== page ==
High-tech futures hatching in Howard


June 18, 2000|By C. FRASER SMITH

ACCORDING TO dot.com legend, hot new companies and technological breakthroughs start up in garages, basements -- maybe even tree houses.

Young geniuses who can program the VCR, who handle the mouse and cursor keys as if they were pencils (they are, of course), go to work on some new idea and Voila! There's something else to demand more RAM.

Not to speak of something to create another 27-year-old millionaire.

In the beginning, before Bill Gates made his first billion, it may have worked that way. May still work that way occasionally.

But now, in Howard County, Baltimore and various other Maryland locations, economic development gurus are putting up "high tech incubators" -- extremely big garages, big enough to remind you of a factory or an airport hangar.

That's big government for you. No, actually, that's creative government. In this case, Howard County and the state of Maryland have joined forces to create work space for promising entrepreneurs with big ideas.

Howard advances its facility as the only true info-tech incubator in the state. With 10,000 square feet of space -- enough ultimately for seven new companies -- the center officially opened recently with four carefully selected enterprises.

They come with the array of names: Syntonics, a hardware designer; Medisold, which will offer Web portals for hospitals; N2Z, a Web site for tradeshows; and DOT21, a software operation spinning off from the Applied Physics Laboratory just down the road in Howard.

CEOs of these companies include a down-dressing 27-year-old and a 40-something doctor.

Already, under the direction of Mike Haines, a computer-wise manager, the incubator has transformed an ample expanse of dingy old factory into clean, well-lighted offices suitable for the minimal needs of the new companies. An office of SCORE, the retired businessman's mentoring organization, is also housed in the building to assist the techno-wizards with real-world business advice.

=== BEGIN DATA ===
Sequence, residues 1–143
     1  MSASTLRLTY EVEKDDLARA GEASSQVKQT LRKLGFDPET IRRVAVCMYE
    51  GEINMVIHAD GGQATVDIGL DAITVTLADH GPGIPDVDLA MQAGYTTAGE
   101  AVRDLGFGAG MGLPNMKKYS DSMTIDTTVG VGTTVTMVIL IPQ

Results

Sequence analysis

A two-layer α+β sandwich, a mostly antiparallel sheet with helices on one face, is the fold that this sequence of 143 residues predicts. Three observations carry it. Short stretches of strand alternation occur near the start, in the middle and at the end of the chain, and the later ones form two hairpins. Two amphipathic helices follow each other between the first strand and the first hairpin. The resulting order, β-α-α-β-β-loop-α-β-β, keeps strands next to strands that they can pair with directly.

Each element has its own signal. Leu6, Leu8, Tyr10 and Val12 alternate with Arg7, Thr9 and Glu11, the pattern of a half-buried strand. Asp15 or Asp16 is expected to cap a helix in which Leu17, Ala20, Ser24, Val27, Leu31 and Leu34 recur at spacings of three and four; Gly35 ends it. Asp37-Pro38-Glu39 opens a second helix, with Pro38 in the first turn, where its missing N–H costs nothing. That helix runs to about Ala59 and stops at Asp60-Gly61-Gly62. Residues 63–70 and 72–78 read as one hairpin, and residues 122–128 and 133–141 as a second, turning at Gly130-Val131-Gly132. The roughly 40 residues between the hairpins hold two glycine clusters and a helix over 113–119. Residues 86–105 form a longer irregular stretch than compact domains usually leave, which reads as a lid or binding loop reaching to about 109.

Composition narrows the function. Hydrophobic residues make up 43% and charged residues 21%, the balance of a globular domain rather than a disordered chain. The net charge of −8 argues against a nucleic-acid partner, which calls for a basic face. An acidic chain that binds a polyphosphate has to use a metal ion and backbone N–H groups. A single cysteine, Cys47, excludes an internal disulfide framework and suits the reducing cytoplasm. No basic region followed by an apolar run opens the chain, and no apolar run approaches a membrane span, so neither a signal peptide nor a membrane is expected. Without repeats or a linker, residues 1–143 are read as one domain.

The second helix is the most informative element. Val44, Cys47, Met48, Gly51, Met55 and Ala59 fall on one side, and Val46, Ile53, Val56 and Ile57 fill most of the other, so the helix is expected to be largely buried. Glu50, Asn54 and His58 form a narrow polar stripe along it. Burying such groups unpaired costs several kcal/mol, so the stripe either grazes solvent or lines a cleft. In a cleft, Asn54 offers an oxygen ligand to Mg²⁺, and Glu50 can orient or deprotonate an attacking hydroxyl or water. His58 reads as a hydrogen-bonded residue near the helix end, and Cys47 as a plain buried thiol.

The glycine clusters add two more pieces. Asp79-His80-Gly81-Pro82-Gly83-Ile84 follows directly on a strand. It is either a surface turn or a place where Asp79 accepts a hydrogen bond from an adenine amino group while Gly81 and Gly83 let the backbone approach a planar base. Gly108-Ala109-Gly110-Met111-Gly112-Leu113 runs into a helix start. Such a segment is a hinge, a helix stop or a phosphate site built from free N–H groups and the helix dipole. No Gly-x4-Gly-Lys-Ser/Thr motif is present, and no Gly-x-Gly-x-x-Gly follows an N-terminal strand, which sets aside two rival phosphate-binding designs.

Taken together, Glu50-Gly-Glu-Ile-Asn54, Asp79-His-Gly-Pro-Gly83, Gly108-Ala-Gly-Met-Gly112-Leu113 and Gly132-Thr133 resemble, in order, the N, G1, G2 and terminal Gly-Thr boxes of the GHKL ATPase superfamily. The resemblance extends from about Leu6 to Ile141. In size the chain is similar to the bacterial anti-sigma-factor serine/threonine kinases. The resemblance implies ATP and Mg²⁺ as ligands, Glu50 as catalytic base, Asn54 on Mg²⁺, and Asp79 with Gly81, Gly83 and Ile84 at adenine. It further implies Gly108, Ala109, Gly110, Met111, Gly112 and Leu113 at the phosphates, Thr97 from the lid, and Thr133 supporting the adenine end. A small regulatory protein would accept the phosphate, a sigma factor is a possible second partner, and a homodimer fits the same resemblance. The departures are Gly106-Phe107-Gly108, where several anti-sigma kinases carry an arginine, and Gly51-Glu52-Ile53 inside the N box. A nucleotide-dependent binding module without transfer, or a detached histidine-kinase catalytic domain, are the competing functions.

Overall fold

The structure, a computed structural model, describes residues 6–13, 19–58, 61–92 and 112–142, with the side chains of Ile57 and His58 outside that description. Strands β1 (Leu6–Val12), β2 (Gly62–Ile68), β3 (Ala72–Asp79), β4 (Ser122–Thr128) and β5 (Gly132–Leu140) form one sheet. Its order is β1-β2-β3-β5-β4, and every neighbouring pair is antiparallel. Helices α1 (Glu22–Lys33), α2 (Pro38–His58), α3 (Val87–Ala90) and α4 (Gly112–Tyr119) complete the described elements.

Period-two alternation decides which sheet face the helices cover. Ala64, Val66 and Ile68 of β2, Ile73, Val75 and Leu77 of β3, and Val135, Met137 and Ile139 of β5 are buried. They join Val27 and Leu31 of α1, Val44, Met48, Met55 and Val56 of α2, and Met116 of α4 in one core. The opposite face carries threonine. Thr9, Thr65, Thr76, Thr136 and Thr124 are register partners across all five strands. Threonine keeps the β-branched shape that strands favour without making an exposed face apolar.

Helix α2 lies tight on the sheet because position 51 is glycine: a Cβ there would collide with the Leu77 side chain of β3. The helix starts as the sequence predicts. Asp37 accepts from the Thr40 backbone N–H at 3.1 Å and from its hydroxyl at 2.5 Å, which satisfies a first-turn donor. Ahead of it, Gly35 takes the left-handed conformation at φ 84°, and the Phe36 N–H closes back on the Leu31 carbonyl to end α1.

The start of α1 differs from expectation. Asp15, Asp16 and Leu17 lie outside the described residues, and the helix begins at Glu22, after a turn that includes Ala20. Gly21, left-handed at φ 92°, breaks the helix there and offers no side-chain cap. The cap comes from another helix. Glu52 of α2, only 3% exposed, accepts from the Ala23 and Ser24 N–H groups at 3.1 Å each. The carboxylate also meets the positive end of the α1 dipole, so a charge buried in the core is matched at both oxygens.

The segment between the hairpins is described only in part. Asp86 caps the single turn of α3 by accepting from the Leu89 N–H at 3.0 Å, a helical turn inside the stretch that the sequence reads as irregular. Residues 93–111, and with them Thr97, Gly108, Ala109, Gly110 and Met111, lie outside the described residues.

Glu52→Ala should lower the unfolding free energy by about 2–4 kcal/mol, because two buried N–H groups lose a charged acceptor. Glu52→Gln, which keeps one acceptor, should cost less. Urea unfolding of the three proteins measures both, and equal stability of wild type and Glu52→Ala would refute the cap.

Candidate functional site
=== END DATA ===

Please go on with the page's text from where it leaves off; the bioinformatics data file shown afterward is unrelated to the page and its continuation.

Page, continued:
With that sort of help and assistance from assorted other small business development agencies, Mr. Haines and his boss hope to improve on the rather dismal performance of small companies that attempt to make it all happen out of something like a garage. The failure rate for those businesses ranges up to 80 percent within five years, according to the Small Business Administration.

After incubation, Mr. Haines says, the figures reverse, with successes running to 80 percent. This figure is based on a relatively small number -- about 650 -- of incubator graduates across the country, he said. But the word is out in the community of cyber thinkers that Howard wants to help. More than 20 other applicants for space at the new center are under review now.

"There are things we can do for them they wouldn't get in a garage," Mr. Haines says. One or two of the companies have already gotten a bit of media exposure, he says -- newspaper stories, a cable television interview.

In time, these fledglings will be eased out the door -- no later than three years after they arrive. The idea is to get the companies on their feet and to replace them with new ventures. If that can't happen within three years, Mr. Haines says, maybe the idea wasn't as strong as it seemed.

"We don't want to go from incubator to life support," says Dick Storey, head of the county's economic development office.

Mr. Storey says he does hear the occasional skeptical-to-cynical question about government's proper role in the marketplace.

"We're doing this because we can make a difference," he says.

Mr. Storey helped negotiate a deal that kept Allied Signal in the county -- by buying the building where the incubator is located for $7 million. Its somewhat forbidding, un-refurbished spaces are now used for library storage, some public works department operations and various other county tenants in addition to the incubator.

Another important partner in the project is Del. Shane Pendergrass, the former county council member who now serves in the General Assembly. She and the rest of the county's legislative delegation succeeded in securing about $340,000 in bonding authority to help pay for the improvements in the building.

As a member of the House committee on science and technology she heard herself described once as a bridge between various county representatives.

She prefers "hub."

"Howard is ideally located to be the hub of high-tech businesses and particularly info-tech business with Fort Meade and the physics lab," she said.

So, the ideas, the money, the location and the leadership are there. All that's needed now is a BMW dealership.

C. Fraser Smith writes editorials for The Sun from Howard County.

Baltimore Sun Articles
Please note the green-lined linked article text has been applied commercially without any involvement from our newsroom editors, reporters or any other editorial staff.